Systems of Equations word problems

In summary, Tiffany has 34 animals. She has 3 times as many birds as cats. She has 4 times as many cats as dogs. How many of each does she have?
  • #1
IsoXTargetz
2
0
Hi,
I have three systems of equations word problems. Can you help me?

#1:
The sum of three numbers is 32. The largest if 4 times the smallest. The sum of the two smaller numbers is 8 less than the largest. What are the numbers?
I have tried to model this one.
I got:
_ + _ +_ = 32
Largest = 4S
Sum of the two smaller #S = L-8
Then I don't know what to do from there and got lost.

#2:
Dat is 10 years older than David. 38 years ago, he was twice as old as him. How old is David now?
This was one of my equations that I tried to come up with:
Y = D+10
Y = 2D + 38
Yeah, it doesn't really add up and so I don't really know what do with it.

#3:
Tiffany has 34 animals. She has 3 times as many birds as cats. She has 4 times as many cats as dogs. How many of each does she have?
For this one I got:
34 = B+C+D
Birds = 3C
Cats = 4D
Then I got put into a loop of plugging in values, so I need help building the equations with this one too.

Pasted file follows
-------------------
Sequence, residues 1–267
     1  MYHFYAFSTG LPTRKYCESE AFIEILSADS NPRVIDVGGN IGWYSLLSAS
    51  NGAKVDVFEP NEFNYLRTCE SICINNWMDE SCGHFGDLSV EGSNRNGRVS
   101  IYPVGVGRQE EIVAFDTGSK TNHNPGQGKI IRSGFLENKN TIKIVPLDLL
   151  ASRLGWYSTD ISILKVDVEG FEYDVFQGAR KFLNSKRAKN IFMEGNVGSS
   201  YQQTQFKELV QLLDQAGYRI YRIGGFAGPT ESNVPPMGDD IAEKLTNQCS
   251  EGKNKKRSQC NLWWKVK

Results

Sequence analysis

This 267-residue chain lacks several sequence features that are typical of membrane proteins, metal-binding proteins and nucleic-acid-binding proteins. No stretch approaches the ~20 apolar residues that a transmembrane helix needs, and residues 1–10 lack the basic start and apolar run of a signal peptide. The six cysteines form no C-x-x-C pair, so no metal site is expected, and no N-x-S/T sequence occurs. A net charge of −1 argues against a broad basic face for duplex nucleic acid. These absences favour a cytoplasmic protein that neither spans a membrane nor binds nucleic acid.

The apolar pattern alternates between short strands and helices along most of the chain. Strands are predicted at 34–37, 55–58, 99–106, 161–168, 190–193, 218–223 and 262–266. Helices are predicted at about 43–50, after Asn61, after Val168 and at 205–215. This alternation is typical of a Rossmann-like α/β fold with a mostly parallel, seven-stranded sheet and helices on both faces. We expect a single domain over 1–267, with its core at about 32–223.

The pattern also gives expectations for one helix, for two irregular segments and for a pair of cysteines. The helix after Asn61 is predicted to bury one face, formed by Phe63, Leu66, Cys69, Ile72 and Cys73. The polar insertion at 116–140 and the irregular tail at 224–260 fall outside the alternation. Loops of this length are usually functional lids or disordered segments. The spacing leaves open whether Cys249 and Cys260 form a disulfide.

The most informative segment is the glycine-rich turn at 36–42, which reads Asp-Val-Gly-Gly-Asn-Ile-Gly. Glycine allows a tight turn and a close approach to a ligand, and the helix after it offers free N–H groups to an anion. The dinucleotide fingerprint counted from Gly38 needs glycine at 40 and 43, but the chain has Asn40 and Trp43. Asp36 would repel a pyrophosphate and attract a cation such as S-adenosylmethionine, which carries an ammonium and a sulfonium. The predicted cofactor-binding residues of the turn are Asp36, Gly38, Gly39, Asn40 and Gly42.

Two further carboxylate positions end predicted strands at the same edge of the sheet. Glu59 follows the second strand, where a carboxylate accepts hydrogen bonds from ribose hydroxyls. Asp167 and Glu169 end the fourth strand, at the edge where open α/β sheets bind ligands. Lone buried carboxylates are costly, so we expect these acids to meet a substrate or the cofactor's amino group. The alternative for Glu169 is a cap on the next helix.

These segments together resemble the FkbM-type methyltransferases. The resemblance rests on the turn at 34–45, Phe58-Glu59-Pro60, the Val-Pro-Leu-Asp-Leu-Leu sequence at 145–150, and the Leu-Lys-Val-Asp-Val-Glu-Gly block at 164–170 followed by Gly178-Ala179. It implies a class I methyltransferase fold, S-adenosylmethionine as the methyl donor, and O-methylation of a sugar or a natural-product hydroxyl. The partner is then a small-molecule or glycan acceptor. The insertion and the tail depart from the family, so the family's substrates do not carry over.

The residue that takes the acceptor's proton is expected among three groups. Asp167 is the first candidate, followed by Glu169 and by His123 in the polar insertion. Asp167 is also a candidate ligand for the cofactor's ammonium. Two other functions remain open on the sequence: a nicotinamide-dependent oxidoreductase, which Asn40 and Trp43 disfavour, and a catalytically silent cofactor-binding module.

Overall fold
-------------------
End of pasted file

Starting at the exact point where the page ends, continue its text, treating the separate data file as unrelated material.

Please help me!
 
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  • #2
IsoXTargetz said:
Sum of the two smaller #S = L-8
Then I don't know what to do from there and got lost.
Try naming all three numbers and rewriting the equations.
 
  • #3
IsoXTargetz said:
Hi,
I have three systems of equations word problems. Can you help me?

#1:
The sum of three numbers is 32. The largest if 4 times the smallest. The sum of the two smaller numbers is 8 less than the largest. What are the numbers?
I have tried to model this one.
I got:
_ + _ +_ = 32
Largest = 4S
Sum of the two smaller #S = L-8
Then I don't know what to do from there and got lost.
As already mentioned, give a name to each variable, possibly like this:
Let L = the largest no.
Let S = the smallest no.
Let O = the other no. (the middle number).

Instead of "_ + _ +_ = 32" and "Sum of the two smaller #S = L-8", write equations using the variable names.
IsoXTargetz said:
#2:
Dat is 10 years older than David. 38 years ago, he was twice as old as him. How old is David now?
This was one of my equations that I tried to come up with:
Y = D+10
Y = 2D + 38
Which one is Dat? Which one is David? Define variable names so that their meanings are clear.
38 years ago, he was twice as old as him.